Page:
Coral reefs are an ecosystem that have the second biggest biodiversity in the world and have been described as the rainforests of the ocean. For years they have been threatened by man. Physical destruction from boats, fishing and pollution. Now their biggest threat may be from climate change.
15% of the world’s reefs have already been lost and 30% may die in the next 30 years.
Coral reefs are a complex ecosystem – tiny sea anemone-like polyps build coral reefs by secreting brittle, limestone skeletons. Algae support the polyps by converting sunlight and carbondioxide into sugars that feed them; the polyps, in turn ooze waste products that nurture the algae.
Coral grows near the surface of the water. Coral forming polyps.
A rise of sea temperatures by as little as 1 or 2°C can cause a major coral bleaching event where the algae, which feed the coral growing polyps, die. A rise of 3 or 4°C will mean that the algae never returns.
Rises in dissolved, acidic, carbon dioxide in the sea water also means that the polyps are unable to form coral through calcification. Coral is made from calcium carbonate which dissolves in acid. Decomposing algae from bleaching events, will increase dissolved carbon dioxide in the water.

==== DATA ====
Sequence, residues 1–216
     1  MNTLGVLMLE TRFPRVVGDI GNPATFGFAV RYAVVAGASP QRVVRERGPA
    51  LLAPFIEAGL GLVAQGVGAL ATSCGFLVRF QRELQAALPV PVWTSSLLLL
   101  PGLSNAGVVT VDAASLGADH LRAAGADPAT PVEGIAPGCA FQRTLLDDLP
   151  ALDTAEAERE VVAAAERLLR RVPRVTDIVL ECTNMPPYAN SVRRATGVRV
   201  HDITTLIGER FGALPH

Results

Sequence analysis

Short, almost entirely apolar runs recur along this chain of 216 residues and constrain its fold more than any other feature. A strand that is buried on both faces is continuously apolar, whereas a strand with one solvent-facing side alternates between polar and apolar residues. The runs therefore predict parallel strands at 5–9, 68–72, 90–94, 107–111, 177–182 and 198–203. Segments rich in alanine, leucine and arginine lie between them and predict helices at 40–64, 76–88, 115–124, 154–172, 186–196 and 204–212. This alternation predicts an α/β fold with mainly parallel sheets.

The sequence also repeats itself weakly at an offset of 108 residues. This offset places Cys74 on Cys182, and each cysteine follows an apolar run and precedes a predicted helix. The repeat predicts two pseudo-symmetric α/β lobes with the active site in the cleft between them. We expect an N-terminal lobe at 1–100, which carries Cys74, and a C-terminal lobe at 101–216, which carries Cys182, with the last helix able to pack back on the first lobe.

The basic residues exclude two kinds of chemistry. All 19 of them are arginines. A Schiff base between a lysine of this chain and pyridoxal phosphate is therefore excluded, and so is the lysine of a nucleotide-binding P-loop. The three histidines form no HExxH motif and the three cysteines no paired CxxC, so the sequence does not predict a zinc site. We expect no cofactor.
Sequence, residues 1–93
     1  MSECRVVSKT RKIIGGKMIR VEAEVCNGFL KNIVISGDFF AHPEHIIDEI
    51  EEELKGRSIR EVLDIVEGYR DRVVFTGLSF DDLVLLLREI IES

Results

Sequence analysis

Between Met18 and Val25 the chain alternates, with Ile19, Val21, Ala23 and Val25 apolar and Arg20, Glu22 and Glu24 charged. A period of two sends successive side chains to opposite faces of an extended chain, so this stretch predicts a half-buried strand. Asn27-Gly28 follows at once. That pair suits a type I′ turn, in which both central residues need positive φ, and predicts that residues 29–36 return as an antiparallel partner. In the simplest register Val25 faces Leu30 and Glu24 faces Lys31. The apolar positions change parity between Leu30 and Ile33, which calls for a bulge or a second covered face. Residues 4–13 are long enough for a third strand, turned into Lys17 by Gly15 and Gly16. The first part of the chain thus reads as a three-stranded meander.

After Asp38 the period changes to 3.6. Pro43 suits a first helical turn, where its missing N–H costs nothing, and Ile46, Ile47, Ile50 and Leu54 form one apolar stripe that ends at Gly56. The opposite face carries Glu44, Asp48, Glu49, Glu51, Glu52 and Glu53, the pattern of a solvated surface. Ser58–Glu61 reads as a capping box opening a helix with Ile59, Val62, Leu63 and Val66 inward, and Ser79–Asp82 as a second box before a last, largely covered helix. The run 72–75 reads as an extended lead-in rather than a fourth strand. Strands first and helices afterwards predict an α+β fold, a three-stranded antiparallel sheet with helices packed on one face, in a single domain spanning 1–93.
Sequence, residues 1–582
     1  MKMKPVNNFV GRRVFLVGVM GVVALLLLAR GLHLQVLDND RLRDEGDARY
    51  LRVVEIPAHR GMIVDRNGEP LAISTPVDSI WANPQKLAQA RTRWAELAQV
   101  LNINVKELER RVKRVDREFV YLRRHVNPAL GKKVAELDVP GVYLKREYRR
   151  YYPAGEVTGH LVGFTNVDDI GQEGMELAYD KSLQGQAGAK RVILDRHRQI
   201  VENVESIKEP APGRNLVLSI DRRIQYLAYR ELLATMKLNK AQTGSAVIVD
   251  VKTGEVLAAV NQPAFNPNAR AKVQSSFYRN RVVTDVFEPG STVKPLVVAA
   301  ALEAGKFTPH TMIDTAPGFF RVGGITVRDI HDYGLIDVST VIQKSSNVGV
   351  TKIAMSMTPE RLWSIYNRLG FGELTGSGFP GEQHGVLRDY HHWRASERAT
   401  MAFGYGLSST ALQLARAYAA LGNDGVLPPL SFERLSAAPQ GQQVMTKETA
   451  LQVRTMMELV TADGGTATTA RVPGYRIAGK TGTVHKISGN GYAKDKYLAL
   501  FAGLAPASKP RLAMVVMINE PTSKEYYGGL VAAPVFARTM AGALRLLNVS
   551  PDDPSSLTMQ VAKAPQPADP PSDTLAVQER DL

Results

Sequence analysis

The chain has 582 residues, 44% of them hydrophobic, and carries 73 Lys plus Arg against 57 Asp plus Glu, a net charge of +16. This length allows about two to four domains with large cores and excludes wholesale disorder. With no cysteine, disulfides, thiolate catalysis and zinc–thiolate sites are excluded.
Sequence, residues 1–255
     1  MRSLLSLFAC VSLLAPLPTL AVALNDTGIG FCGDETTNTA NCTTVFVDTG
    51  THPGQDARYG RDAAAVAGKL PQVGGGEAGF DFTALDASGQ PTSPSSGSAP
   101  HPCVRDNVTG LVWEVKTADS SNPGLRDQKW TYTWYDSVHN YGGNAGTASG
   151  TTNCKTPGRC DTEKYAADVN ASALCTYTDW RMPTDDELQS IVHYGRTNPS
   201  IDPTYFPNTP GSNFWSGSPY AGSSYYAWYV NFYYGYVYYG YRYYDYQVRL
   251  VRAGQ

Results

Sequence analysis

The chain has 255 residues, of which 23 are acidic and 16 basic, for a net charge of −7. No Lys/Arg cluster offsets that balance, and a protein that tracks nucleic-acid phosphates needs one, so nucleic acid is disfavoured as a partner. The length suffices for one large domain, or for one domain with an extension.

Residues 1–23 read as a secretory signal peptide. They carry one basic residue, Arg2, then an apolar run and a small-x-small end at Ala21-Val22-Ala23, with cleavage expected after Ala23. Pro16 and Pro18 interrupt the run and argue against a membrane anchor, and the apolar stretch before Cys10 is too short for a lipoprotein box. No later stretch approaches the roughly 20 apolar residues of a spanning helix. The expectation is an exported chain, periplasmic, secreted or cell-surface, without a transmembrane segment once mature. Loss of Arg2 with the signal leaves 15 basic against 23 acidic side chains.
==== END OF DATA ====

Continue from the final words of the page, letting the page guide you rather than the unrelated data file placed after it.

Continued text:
Warmer sea water also leaves the reefs more vulnerable to pollutants and diseases.
Australia’s Great Barrier Reef is at the brink of a major bleaching event at the moment with sea water up to 2°C warmer than normal. This will be the third bleaching in six years, increasing the risk that the reef may never recover.
If we lose our coral reefs we lose not only the wildlife that lives there, income from tourism, but also protection for the coasts from the increased number of storms expected from climate change. This was shown after the Boxing Day earthquake off Aceh, Indonesia caused the devastating Tsunami.
Islands protected by unspoilt coral reefs like Surin Island and the Maldives appeared to have suffered less damage and suffered less casualties. The reefs absorbed most of the power of the giant waves.